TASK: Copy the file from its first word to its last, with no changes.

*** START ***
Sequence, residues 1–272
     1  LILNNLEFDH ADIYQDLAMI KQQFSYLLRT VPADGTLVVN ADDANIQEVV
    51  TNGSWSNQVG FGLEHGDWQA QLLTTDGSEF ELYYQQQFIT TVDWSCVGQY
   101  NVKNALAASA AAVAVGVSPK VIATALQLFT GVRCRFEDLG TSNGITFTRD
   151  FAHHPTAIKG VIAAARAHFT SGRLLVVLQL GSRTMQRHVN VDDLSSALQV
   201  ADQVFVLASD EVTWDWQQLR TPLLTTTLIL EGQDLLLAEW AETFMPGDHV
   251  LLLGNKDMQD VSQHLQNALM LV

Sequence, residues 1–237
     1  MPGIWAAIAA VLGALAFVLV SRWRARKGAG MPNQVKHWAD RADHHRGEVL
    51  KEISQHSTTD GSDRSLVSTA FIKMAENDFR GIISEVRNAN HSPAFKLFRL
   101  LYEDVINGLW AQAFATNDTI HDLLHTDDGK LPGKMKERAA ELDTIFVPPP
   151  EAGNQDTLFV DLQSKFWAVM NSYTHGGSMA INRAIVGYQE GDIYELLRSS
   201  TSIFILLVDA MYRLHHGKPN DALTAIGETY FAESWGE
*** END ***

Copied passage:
Sequence, residues 1–272
     1  LILNNLEFDH ADIYQDLAMI KQQFSYLLRT VPADGTLVVN ADDANIQEVV
    51  TNGSWSNQVG FGLEHGDWQA QLLTTDGSEF ELYYQQQFIT TVDWSCVGQY
   101  NVKNALAASA AAVAVGVSPK VIATALQLFT GVRCRFEDLG TSNGITFTRD
   151  FAHHPTAIKG VIAAARAHFT SGRLLVVLQL GSRTMQRHVN VDDLSSALQV
   201  ADQVFVLASD EVTWDWQQLR TPLLTTTLIL EGQDLLLAEW AETFMPGDHV
   251  LLLGNKDMQD VSQHLQNALM LV

Sequence, residues 1–237
     1  MPGIWAAIAA VLGALAFVLV SRWRARKGAG MPNQVKHWAD RADHHRGEVL
    51  KEISQHSTTD GSDRSLVSTA FIKMAENDFR GIISEVRNAN HSPAFKLFRL
   101  LYEDVINGLW AQAFATNDTI HDLLHTDDGK LPGKMKERAA ELDTIFVPPP
   151  EAGNQDTLFV DLQSKFWAVM NSYTHGGSMA INRAIVGYQE GDIYELLRSS
   201  TSIFILLVDA MYRLHHGKPN DALTAIGETY FAESWGE